October is an exciting month for many people because fall is in full swing and many are preparing for Halloween. However, October may frighten investors and those in the financial services industry because historically, some of the biggest market crashes have occurred during this month, and it’s also when cost of living adjustments are made for Social Security benefits.
It’s critical for investors to remember that one month doesn’t make a year when it comes to the ups and downs of the market and investments. The notion that October is a time when investors should be particularly concerned about their portfolios is similar to other popular myths, including sell in May and go away. There’s always something that may shake the market, whether it’s economic forecasts or what a CEO says on social media.
Instead of focusing on particular months, quarters or holidays, investors should base their decisions on what their financial and retirement goals look like. Portfolio decisions should be made based on their time horizon to retirement, what portfolio distributions they’re looking for and what their withdrawal rate will be in their golden years. For example, someone who’s nearing retirement shouldn’t wait to change the structure of their portfolio to transition it for a source of income until retirement. This change should happen three-to-five years out from their projected retirement date. One way to stay on track with portfolio structure is to meet with their financial advisor minimally once a year.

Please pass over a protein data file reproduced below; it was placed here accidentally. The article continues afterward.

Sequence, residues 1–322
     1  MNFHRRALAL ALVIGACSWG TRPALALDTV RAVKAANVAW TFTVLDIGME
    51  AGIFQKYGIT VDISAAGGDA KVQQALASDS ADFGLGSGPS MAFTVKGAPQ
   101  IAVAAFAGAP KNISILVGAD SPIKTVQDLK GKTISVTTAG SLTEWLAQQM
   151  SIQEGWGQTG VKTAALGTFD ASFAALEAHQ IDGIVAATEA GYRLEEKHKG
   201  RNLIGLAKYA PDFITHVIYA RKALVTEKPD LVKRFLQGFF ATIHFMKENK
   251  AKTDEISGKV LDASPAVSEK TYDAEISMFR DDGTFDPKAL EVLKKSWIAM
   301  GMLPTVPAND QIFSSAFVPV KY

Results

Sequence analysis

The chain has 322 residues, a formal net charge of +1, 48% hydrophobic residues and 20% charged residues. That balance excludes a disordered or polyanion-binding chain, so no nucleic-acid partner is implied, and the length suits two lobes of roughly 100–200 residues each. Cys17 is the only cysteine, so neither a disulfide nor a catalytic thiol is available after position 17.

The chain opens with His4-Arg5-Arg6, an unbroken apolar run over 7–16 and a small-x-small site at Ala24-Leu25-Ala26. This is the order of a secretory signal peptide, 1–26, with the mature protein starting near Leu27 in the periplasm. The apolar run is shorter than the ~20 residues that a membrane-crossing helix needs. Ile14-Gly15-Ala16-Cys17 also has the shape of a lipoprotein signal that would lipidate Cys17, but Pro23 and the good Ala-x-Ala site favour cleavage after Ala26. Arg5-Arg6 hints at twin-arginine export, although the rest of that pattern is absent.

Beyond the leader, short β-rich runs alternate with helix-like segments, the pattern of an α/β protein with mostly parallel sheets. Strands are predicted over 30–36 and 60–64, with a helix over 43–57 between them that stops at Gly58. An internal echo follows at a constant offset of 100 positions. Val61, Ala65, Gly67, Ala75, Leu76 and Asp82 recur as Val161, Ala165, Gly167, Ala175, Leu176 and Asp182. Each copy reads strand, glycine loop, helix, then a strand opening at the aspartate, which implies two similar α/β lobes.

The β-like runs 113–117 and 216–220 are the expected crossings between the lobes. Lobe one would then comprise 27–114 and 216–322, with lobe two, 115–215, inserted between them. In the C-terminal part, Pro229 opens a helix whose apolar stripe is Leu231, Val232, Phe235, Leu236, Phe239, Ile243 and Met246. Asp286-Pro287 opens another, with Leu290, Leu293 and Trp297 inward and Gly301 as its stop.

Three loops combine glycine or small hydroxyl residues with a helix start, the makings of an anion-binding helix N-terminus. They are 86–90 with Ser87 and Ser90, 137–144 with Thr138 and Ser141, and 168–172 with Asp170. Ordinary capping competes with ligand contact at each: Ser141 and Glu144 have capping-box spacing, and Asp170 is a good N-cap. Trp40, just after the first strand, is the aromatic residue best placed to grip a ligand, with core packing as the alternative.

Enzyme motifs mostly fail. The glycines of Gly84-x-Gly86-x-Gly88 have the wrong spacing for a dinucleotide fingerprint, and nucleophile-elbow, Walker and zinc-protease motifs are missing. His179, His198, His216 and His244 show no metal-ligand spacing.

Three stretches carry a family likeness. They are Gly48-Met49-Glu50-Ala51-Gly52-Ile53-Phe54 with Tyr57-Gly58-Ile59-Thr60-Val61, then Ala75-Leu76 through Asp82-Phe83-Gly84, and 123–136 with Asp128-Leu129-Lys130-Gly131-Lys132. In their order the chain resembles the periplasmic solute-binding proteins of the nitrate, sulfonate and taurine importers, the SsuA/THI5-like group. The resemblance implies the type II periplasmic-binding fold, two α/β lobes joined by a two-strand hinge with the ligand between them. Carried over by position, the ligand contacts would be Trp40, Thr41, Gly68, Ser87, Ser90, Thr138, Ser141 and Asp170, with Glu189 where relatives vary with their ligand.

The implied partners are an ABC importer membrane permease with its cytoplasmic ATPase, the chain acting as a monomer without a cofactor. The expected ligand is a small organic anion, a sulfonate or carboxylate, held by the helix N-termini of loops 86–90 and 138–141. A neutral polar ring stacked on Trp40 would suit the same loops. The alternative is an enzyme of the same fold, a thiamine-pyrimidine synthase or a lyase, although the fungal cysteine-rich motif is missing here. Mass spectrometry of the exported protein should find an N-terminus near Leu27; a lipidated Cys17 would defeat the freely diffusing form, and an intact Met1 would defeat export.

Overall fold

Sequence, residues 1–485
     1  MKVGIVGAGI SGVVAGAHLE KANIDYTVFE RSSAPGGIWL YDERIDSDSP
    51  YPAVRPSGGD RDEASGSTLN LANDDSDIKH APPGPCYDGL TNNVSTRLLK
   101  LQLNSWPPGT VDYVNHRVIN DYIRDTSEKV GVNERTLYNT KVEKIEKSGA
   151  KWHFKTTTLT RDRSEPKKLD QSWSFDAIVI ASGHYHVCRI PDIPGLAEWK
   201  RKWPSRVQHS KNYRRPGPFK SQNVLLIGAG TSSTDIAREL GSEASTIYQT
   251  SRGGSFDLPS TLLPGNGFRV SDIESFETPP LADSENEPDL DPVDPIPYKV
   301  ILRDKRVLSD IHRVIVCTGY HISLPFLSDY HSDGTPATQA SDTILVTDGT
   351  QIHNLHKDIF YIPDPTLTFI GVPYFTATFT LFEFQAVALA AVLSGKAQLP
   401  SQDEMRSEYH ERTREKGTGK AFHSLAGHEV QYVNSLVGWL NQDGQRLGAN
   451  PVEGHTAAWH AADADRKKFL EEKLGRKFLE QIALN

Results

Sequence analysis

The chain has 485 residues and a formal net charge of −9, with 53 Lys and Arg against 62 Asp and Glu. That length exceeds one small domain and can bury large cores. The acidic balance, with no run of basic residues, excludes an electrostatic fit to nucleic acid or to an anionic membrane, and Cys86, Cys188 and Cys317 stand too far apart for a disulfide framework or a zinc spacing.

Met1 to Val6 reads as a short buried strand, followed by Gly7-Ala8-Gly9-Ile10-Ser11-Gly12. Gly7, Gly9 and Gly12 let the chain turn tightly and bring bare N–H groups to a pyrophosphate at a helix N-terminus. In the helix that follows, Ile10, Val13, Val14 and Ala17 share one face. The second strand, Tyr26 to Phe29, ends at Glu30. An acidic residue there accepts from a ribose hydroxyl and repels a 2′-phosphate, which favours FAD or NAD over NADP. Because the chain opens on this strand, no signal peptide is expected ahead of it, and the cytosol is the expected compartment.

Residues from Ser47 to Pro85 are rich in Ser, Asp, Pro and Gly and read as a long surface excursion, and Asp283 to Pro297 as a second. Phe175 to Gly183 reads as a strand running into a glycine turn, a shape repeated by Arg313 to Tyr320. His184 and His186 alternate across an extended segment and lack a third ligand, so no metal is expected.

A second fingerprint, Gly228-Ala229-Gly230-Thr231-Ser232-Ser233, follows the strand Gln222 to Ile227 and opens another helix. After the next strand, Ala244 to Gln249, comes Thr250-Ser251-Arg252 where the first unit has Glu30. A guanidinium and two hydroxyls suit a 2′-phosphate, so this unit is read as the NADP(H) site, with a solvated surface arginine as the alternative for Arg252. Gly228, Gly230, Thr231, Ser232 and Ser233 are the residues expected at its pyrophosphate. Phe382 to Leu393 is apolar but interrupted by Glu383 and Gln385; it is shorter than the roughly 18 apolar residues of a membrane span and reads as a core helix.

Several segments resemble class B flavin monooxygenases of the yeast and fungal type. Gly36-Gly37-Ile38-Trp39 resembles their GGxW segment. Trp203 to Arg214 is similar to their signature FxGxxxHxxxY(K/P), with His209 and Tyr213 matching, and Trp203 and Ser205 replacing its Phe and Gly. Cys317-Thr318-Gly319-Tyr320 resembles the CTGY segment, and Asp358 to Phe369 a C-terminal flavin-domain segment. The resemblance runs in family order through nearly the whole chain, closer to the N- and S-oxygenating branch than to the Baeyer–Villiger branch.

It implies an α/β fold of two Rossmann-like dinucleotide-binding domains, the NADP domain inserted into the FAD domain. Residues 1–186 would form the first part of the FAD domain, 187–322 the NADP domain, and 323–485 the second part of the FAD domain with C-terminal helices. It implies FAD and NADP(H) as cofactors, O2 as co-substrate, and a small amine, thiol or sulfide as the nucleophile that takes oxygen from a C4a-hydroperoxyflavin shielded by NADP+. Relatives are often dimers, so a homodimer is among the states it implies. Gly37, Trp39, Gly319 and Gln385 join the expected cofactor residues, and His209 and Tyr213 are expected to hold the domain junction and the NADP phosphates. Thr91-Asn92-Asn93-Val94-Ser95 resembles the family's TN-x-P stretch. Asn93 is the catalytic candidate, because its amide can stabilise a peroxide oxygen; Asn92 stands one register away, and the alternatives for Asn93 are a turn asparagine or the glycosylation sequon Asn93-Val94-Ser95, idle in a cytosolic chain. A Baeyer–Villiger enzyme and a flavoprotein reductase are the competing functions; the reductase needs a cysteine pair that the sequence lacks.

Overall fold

Social Security’s cost of living adjustment is one thing during October that may have some investors on edge. Social Security trustees announce the annual cost of living adjustment to benefits, which can be a source of concern for those who rely heavily on Social Security. This benefit was originally created to be a safety net for workers, not the cornerstone of a retirement plan. By working with a financial advisor early and meeting with them regularly, investors can better prepare for their golden years.
Although the market may spook investors at times throughout the year, it’s important not to make any sudden decisions solely based on the market. Investors and financial professionals may not be able to control the market, but they can control how they prepare financially and their reaction to any changes in the market.